Safe Water and Waste Disposal Facilities
Adequate sanitation facilities are lacking in approximately 42,000 American Indian and Alaska Native homes (or 11 percent). Of these homes approximately 5,900 (or 1.6 percent) lack access to a safe water supply and/or waste disposal facilities, compared to less than 1 percent of homes for the U.S. general population.
Families with satisfactory environmental conditions in their homes, which include safe water and sewerage systems, require appreciably fewer medical services and place fewer demands on the Indian Health Service and tribal primary health care delivery system. The Indian Sanitation Facilities Act, Public Law 86-121, authorizes the IHS to provide essential sanitation facilities, such as safe drinking water and adequate sewerage systems, to Indian homes and communities.
The IHS Sanitation Facilities Construction Program is a preventative health program that yields positive benefits and is a good investment. Access to water and waste water disposal facilities has been shown to reduce cases of respiratory, skin and soft tissue, and gastro enteric disease. It is estimated the water and waste water projects funded in FY 2022 will save more than $473 million in direct healthcare cost alone related to respiratory, skin and soft tissue, and gastro enteric diseases. This translates to every $1 spent on water and sewer infrastructure saving $0.68 in avoided direct healthcare costs related to these diseases. This estimated saving averaged $1.18 between FY 2015 to FY 2021. This savings is lower in FY 2022 due to the mixture of projects funded having a higher capital cost and benefiting fewer homes. It’s widely accepted that the economic and non-economic benefits of water and sanitation service are much broader. The IHS Sanitation Facilities Construction Program has been the primary provider of these services since 1960.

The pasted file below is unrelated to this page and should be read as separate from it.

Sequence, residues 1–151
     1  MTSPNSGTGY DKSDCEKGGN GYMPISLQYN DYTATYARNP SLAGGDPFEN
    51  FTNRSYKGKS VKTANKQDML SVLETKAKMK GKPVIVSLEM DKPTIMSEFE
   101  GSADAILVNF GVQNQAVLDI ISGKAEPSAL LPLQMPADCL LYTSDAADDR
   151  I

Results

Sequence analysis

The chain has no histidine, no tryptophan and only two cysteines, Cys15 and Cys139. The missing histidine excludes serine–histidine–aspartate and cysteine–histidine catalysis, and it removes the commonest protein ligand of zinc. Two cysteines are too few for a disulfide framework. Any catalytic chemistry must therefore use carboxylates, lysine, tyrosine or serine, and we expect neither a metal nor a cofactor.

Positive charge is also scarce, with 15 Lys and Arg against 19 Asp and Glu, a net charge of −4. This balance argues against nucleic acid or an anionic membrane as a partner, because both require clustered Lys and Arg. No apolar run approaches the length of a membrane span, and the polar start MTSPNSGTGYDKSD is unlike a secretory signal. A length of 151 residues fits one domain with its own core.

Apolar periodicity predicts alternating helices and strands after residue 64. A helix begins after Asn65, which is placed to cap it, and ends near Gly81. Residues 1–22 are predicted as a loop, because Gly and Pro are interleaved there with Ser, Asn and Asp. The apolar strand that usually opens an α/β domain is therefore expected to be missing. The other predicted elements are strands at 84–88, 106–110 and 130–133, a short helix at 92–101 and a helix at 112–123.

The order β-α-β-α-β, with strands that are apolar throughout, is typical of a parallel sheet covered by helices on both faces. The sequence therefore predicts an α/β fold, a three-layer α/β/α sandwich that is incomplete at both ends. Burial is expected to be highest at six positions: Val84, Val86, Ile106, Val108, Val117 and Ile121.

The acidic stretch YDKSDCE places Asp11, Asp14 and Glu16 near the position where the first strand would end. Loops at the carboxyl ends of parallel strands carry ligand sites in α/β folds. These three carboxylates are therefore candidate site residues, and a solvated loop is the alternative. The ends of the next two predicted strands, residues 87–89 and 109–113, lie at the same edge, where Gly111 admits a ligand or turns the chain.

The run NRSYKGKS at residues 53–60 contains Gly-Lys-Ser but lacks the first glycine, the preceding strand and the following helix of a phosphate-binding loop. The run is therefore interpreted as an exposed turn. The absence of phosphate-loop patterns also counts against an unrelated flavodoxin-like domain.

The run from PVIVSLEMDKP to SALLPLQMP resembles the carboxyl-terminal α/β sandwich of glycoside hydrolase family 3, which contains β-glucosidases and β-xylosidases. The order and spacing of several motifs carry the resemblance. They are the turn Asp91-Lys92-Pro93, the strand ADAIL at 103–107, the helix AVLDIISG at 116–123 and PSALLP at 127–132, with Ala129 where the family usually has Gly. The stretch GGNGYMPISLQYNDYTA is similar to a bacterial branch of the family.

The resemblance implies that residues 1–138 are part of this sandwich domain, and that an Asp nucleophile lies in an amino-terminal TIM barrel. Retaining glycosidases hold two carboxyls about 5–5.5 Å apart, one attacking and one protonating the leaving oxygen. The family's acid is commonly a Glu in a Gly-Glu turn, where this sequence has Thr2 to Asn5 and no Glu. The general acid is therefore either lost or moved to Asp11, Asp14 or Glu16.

There is a backlog of 1,369 needed sanitation facilities construction projects. The cost to provide all American Indians and Alaska Natives with safe drinking water and adequate sewerage systems in their homes is estimated to be $4.37 billion. Inflation, new environmental requirements, aging infrastructure, and population growth add to the backlog of projects. The Infrastructure and Investment Jobs Act has provided funding in the amount of $3.5 billion to help address this backlog. In addition to providing safe sanitation facilities to existing homes, the IHS also provides sanitation facilities to new homes.
The IHS, in consultation with tribes, annually identifies sanitation facility needs. The IHS and tribes will continue to collaborate with other federal agencies, states and organizations to provide needed resources for these essential facilities.
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